These are all well understood problems in the data science arena, and we certainly have enough data in our industry to address them. Products like Trimble’s Market Insights and Engage.Bid solutions, which are already released, help with some of these, and many more will be following this year.


FE: What technology are you excited about right now and what’s next for Trimble?

Orban: I am most excited about Algorithms as a Service! The concept that we, as Trimble, can provide an answer to a question that a customer (shipper or carrier), or partner, or any third party asks, as long as they are willing to participate in our Transportation Cloud and Trust Center. You don’t necessarily need to have Trimble Video, Telematics or Transportation Management Systems, you just need to have a question that Trimble’s Algorithms can answer.


That question might be “How should I coach this driver?” Or “Is this order appropriate for my network?” It might be “Which driver is best for this order?” And you can control what the Trimble Cloud sees, so if you only want to expose a part of your information, that’s fine. You might not get as many results, or the optimal result you would have gotten if you’d sent more data, but that’s up to you, the customer, to decide how comfortable you are sharing your information.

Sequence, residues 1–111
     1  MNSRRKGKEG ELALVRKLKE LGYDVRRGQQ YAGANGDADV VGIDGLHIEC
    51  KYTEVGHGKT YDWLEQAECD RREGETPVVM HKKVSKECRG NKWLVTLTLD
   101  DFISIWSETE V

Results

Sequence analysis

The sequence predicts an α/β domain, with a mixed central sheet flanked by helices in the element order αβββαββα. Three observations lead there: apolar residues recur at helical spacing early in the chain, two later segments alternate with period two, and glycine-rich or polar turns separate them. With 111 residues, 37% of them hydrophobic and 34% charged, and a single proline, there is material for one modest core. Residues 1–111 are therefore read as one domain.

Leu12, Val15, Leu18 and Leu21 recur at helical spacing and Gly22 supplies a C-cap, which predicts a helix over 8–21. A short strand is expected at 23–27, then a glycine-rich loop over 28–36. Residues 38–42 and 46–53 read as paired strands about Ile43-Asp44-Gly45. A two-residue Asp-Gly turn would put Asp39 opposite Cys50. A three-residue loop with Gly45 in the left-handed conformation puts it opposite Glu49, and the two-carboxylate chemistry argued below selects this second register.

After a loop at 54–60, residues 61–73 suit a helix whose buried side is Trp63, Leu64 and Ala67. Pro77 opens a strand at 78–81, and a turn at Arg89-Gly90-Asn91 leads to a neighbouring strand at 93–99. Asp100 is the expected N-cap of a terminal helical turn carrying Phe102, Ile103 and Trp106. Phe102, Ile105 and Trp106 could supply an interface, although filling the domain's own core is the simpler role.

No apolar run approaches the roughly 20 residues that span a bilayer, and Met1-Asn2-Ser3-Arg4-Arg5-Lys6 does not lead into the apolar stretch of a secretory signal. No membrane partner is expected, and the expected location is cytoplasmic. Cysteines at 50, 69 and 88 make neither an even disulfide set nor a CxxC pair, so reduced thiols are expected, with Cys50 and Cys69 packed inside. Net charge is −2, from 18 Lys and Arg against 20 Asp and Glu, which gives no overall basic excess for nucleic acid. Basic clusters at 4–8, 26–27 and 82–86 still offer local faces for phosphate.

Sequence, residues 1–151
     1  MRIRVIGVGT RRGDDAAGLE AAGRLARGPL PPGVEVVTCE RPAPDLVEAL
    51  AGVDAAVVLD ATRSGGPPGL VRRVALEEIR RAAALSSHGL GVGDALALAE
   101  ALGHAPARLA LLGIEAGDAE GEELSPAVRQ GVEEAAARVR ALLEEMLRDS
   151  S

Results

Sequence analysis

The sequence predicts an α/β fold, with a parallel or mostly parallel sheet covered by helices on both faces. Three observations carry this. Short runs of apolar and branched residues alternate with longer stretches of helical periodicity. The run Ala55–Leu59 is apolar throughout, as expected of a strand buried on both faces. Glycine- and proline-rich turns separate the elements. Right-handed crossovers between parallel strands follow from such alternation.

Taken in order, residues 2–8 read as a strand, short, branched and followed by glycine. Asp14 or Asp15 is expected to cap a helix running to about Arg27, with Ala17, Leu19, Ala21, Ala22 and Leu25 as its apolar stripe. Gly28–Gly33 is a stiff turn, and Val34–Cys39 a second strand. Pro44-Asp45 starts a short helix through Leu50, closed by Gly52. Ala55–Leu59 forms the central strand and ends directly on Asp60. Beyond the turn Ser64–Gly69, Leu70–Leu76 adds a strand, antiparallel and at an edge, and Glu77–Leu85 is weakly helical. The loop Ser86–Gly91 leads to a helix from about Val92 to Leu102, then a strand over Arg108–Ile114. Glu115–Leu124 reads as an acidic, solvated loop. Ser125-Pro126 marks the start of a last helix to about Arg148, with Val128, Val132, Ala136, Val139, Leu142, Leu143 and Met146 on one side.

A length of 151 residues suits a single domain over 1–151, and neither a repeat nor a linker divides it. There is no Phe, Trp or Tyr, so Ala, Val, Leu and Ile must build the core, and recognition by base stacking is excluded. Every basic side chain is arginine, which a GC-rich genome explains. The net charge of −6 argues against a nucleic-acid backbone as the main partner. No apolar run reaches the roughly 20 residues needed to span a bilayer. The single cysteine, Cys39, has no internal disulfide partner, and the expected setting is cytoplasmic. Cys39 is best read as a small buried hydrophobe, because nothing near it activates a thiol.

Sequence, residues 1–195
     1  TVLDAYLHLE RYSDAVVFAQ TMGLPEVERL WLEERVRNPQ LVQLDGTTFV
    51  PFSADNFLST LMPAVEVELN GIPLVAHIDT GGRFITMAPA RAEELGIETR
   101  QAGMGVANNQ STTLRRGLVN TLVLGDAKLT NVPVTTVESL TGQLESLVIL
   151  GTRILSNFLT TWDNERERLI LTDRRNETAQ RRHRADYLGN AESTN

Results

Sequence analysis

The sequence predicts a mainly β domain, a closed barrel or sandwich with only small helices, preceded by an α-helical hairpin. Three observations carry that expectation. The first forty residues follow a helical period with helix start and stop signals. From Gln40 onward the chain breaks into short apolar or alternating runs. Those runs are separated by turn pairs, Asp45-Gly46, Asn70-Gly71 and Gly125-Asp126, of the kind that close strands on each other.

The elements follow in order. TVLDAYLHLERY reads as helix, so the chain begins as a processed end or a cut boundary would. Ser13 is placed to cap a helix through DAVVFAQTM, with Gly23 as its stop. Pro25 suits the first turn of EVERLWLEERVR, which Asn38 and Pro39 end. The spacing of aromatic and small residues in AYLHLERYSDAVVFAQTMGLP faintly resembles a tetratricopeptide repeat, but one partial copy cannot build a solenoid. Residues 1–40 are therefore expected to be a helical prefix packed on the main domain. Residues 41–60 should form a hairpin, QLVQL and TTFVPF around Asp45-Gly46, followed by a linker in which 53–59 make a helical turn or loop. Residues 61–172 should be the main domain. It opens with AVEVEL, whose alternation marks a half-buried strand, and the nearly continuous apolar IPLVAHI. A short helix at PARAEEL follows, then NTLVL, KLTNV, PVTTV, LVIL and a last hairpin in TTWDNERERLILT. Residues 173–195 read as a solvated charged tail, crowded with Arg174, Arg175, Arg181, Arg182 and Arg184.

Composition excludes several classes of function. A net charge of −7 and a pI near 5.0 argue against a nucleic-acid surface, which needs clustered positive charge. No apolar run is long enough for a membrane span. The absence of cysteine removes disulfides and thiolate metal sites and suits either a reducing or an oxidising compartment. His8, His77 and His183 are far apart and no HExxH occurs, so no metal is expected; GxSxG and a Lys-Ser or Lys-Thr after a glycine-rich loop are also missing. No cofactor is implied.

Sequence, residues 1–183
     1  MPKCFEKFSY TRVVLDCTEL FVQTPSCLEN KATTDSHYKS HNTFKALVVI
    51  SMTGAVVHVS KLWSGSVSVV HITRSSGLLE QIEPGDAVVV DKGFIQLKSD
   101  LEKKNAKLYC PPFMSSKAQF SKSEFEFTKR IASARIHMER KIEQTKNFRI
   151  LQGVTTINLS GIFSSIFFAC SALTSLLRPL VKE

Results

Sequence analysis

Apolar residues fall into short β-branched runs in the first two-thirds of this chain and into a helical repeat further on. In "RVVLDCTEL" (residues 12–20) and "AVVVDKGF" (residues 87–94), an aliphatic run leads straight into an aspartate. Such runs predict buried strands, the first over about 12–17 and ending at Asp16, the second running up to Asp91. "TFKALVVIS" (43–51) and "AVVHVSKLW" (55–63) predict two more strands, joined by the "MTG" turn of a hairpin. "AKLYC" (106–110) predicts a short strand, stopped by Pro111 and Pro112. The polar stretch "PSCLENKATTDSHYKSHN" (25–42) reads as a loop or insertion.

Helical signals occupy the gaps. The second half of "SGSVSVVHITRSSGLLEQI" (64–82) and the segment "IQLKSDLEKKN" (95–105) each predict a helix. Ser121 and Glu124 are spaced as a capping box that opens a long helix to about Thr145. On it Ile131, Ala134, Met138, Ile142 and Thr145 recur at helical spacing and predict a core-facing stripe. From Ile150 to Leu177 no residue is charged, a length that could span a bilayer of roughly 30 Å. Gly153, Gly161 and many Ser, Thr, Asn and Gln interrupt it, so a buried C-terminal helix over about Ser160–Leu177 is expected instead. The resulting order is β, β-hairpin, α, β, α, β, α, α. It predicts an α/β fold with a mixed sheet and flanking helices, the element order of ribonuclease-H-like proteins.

I believe that the connected supply chain, powering a free and fair marketplace for both carriers and shippers, powered by these Algorithms as a Service, is the most exciting thing Trimble Transportation has in development.


More from Trimble

Visibility and connection are always at the forefront of Trimble conversations. Take a look back at last year’s executive interview where James Langley, Trimble Transportation senior vice president, and Dan Clark, Trimble vice president of product innovation and strategy, talk about sharing data with shippers and providing increased visibility to your business partners.

Chris Orban was also interviewed on our Fleet Future podcast earlier this year—you can catch that conversation here.